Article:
• First order streams have a greater number of organic obstructions than are found in third order streams. The author speculates that third order streams have a deeper and wider channel limiting the construction of small debris formations. (Potts and Anderson 1990).


  • Organic debris in intermittent and ephemeral streams, plays an important role in channel stability, and sediment storage . (Potts and Anderson 1990).


  • Species richness was similar between perennial and intermittent streams, but lower in ephemeral streams. (Price et al. 2003)


  • Intermittent streams provide a unique habitat were species have adapted to low-flow periods and occasional drying. (Price et al. 2003).


  • Macroinvertebrates of the "shredder" feeding group, were more abundant in smaller intermittant and ephemeral streams. (Price et al. 2003).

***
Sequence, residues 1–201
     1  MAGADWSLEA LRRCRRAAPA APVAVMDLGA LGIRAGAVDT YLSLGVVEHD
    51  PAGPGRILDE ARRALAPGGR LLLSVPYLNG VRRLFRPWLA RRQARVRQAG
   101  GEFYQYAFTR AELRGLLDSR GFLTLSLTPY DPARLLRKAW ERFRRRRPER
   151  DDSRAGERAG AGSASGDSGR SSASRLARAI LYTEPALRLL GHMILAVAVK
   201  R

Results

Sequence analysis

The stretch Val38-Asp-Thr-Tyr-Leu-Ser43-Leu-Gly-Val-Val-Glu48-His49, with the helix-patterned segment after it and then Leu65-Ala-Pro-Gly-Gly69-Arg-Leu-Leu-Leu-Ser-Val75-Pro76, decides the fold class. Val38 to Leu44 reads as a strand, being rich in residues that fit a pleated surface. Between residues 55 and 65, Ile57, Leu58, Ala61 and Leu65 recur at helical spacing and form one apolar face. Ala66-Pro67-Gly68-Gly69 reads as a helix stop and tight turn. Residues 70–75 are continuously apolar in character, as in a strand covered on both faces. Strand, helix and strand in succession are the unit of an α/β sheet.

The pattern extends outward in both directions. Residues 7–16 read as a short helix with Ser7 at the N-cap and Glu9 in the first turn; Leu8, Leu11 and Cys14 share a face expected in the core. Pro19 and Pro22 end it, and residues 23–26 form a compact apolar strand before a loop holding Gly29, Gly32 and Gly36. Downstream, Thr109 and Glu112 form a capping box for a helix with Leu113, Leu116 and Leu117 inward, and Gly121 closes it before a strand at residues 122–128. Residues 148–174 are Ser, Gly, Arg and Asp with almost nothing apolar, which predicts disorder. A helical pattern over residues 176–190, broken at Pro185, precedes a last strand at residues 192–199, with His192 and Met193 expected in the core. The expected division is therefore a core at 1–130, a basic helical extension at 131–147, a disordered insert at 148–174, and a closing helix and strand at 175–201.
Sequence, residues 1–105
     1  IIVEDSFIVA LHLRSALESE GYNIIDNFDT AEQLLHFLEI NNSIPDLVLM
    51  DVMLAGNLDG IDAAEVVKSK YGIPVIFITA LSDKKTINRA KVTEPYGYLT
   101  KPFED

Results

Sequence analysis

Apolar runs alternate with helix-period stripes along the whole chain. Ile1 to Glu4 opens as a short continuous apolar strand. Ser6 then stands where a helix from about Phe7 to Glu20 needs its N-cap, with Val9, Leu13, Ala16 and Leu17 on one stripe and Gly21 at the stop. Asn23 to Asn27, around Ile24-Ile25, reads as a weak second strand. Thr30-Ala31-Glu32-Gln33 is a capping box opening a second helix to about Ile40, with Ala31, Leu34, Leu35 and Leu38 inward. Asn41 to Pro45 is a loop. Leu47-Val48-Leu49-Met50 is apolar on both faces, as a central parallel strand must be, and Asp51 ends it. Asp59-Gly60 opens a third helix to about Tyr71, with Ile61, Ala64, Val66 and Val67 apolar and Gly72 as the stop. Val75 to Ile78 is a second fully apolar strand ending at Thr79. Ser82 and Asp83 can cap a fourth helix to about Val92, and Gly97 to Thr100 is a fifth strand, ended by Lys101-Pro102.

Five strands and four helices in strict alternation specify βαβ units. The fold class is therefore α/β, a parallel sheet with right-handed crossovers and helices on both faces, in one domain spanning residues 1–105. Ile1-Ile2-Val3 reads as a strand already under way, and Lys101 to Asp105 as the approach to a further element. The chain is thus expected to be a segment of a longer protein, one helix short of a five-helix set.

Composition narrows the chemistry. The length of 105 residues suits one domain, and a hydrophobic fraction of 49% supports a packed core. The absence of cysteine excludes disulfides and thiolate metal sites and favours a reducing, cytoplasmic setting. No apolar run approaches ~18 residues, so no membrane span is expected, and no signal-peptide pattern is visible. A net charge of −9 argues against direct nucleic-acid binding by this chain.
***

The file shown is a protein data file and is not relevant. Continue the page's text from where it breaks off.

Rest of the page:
• Aquatic and terrestrial amphibians were most abundant in old forests, least abundant in young forests, and intermediate in mature forests, including buffered and thinned sites. (Raphael et al. 2002).


  • Amphibians and fish are most sensitive to physical, instream attributes, such as elevation, gradient, and bedrock material. (Raphael et al. 2002).


  • Aquatic amphibians utilize instream coarse woody debris as refuge from predators. (Rundio et al. 2002).


  • Refuge availability for Dicamptodon species is probably important to avoid predator/prey interactions with Cutthroat trout. (Rundio et al. 2002).


  • Basalt geology produces more of the coarse substrates (cobble, gravel) that Rhyacotriton kezeri species prefer. High gradients are prefered by this species because fine sediments do not accumulate in the interstitial spaces between cobble and gravel substrates, where R. kezeri is often found. (Russell et al. 2004).


  • Resource reduction inluences invertebrate drift. The treated stream (litter exclusion) had a lower drift density, but the proportion of benthic animals drifting was greater. The author concludes that drift may be used as a mechanism for invertebrates to locate other food resources. (Siler et al. 2001).